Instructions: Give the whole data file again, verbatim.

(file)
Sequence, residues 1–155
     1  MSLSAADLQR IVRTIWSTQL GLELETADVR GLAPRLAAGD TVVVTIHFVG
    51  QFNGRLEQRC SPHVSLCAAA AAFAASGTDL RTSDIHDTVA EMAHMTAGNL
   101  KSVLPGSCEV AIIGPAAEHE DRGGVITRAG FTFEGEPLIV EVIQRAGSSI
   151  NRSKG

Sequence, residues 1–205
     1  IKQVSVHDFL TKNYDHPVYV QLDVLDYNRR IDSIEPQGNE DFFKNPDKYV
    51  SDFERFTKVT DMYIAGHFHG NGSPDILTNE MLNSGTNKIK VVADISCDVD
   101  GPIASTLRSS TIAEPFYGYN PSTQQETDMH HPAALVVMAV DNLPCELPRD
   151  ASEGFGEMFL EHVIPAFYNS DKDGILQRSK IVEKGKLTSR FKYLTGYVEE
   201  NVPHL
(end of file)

Sequence, residues 1–155
     1  MSLSAADLQR IVRTIWSTQL GLELETADVR GLAPRLAAGD TVVVTIHFVG
    51  QFNGRLEQRC SPHVSLCAAA AAFAASGTDL RTSDIHDTVA EMAHMTAGNL
   101  KSVLPGSCEV AIIGPAAEHE DRGGVITRAG FTFEGEPLIV EVIQRAGSSI
   151  NRSKG

Sequence, residues 1–205
     1  IKQVSVHDFL TKNYDHPVYV QLDVLDYNRR IDSIEPQGNE DFFKNPDKYV
    51  SDFERFTKVT DMYIAGHFHG NGSPDILTNE MLNSGTNKIK VVADISCDVD
   101  GPIASTLRSS TIAEPFYGYN PSTQQETDMH HPAALVVMAV DNLPCELPRD
   151  ASEGFGEMFL EHVIPAFYNS DKDGILQRSK IVEKGKLTSR FKYLTGYVEE
   201  NVPHL